What Now? A $5m ‘sandpit’ and Hemswatch in Byron Bay

0

- Advertisement -

The last month in property news has been a rather quirky affair.

From the forward-thinking ‘Sand King’ and his portfolio of sand land, to an opulent suburban mansion with an OTT garage, here’s a look at what caught our eyes (and imaginations).

The What Now? is the new realestate.com.au property news report that gives you the lowdown on the most popular stories from the month.

Chris Hemsworth’s new celebrity neighbour

Pat Rafter has built a house in Byron Bay. Picture: Jerad Williams.

Just when you thought Byron Bay couldn’t get any more star power, tennis ace Pat Rafter moves on in.

With locals awaiting the Hemsworths to move into their mega-mansion, overlooking Seven Mile Beach, they’ll have to make space for another celebrity resident in the seaside haven. Surf, anyone?

The Rafters snapped up the 28ha parcel of land in Broken Head four years ago and have since built a sprawling retreat – complete with a full-size tennis court, of course.

Prices in Byron Bay have reportedly shot up more than 130% in the past five years. 

Broken Head Nature Reserve, south of Byron Bay. Picture: Amanda Robbemond.

The marble mansion

A striking, seven-bedroom residence in Greensborough in Melbourne’s east could set records for the suburb, if it achieves its price guide of up to $3 million.

It’s a true lap of luxury featuring lavish styling, including gold and marble decor, European craftsmanship and a wealth of entertaining areas. There’s also two kitchens for the aforementioned entertaining.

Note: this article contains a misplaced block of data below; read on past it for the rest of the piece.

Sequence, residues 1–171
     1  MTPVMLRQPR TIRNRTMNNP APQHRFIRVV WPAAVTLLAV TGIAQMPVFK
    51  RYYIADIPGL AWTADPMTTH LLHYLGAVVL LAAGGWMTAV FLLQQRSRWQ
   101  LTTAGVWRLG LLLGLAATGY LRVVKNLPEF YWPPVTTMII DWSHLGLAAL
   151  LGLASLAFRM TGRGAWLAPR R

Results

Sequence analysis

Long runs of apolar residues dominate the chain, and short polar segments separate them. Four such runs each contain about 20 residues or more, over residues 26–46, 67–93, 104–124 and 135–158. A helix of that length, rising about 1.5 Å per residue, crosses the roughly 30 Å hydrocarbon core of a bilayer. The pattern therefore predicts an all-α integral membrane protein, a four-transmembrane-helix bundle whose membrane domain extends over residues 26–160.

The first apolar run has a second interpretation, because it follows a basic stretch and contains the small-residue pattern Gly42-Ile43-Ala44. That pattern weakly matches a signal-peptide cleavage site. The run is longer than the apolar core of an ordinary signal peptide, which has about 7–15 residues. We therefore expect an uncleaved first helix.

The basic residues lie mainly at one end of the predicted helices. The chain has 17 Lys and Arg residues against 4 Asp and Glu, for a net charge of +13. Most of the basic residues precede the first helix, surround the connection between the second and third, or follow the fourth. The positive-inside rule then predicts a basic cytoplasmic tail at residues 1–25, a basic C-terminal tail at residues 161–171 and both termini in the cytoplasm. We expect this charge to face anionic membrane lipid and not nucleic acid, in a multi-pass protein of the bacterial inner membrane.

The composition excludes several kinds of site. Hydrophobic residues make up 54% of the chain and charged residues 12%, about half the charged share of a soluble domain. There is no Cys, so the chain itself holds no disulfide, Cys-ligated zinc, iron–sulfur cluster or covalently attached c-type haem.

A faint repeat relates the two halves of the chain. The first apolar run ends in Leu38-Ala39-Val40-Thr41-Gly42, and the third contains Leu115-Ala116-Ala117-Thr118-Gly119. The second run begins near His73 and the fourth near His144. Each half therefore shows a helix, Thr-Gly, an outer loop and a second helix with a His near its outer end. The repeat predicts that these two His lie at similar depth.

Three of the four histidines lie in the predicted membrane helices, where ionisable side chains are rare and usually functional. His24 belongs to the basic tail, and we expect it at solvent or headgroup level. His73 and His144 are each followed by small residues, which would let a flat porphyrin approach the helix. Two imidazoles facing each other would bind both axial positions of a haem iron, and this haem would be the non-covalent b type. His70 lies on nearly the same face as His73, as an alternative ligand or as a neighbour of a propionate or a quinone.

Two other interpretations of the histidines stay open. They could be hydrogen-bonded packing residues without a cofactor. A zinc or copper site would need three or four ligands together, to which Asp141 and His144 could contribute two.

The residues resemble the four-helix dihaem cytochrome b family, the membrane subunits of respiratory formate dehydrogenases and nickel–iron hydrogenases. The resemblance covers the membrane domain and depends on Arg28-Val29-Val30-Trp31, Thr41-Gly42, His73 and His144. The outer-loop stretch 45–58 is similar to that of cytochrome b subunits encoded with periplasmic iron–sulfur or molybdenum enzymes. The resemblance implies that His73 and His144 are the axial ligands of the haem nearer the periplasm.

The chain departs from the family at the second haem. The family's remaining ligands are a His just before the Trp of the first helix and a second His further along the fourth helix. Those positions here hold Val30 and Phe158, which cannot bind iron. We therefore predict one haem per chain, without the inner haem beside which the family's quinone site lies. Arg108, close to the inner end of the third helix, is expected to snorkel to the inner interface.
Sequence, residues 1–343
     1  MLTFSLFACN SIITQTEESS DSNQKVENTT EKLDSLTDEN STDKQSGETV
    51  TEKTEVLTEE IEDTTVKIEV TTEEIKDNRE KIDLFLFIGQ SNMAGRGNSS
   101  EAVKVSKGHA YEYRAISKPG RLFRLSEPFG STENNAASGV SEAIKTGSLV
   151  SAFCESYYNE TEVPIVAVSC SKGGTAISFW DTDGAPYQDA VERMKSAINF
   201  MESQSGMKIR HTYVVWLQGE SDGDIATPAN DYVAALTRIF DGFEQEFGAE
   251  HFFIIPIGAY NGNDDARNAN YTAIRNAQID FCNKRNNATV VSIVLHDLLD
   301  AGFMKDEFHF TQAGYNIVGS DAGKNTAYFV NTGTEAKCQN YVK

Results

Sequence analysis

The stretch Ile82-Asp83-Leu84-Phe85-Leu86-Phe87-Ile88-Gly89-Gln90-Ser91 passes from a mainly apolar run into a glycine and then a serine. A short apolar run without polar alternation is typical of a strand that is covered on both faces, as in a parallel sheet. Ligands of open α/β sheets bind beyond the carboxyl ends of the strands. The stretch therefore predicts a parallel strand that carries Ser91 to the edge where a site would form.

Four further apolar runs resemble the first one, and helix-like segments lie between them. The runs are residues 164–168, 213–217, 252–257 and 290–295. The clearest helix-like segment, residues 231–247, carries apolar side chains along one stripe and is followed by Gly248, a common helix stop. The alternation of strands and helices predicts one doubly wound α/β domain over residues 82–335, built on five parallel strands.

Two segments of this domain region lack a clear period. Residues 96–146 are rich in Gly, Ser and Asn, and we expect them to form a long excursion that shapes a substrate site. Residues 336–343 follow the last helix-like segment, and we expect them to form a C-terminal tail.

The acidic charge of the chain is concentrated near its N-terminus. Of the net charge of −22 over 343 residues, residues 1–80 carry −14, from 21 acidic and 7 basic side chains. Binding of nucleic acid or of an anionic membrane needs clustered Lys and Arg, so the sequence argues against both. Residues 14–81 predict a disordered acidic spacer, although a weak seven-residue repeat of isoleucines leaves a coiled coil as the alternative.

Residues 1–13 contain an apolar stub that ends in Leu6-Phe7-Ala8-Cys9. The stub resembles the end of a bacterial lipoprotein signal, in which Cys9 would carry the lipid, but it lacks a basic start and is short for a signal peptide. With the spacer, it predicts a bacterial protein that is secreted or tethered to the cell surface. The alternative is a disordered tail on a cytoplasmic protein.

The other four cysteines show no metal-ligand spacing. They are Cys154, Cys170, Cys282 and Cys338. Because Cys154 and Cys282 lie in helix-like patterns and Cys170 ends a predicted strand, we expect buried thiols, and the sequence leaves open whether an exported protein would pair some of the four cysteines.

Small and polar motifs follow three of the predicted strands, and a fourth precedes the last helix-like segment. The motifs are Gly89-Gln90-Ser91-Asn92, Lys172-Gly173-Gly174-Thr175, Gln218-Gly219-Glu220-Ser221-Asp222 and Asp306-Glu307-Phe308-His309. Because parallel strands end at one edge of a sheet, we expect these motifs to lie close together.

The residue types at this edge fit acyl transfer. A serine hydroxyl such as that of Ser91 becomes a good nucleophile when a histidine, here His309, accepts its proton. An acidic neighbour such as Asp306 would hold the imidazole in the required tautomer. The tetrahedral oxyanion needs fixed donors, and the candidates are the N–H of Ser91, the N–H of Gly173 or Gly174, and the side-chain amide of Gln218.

But the biggest showstopper is a huge six-car garage and ‘man cave’. Talk about a man-sion.

The Greensborough mansion has a price guide of $2.8-$3 million.

The ‘Sand King’

And last but not least… the Sand King.

A Victorian man spent 40 years buying up and licensing parcels of land and has amassed a 33.24ha ‘sand pit’, which could fetch $5 million.

The “sand pit” could have a 30-year supply for builders across Victoria.

With 69 years of experience running sand pits and gravel quarries near Shepparton, Bill Gread knows his sand – and its demand. This super site could pump out 1000 tonnes of clean white sand a day for the next few decades.

With the global demand for sand currently around 40 to 50 billion tonnes per year, we’d say it’s not a bad investment.

See you next month for more The What Now? We’re off to the beach with a shovel.

Leave A Reply

Your email address will not be published.